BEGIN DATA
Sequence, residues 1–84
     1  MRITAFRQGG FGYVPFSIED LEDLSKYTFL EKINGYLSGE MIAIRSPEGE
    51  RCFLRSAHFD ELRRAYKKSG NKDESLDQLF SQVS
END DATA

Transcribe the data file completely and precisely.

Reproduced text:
Sequence, residues 1–84
     1  MRITAFRQGG FGYVPFSIED LEDLSKYTFL EKINGYLSGE MIAIRSPEGE
    51  RCFLRSAHFD ELRRAYKKSG NKDESLDQLF SQVS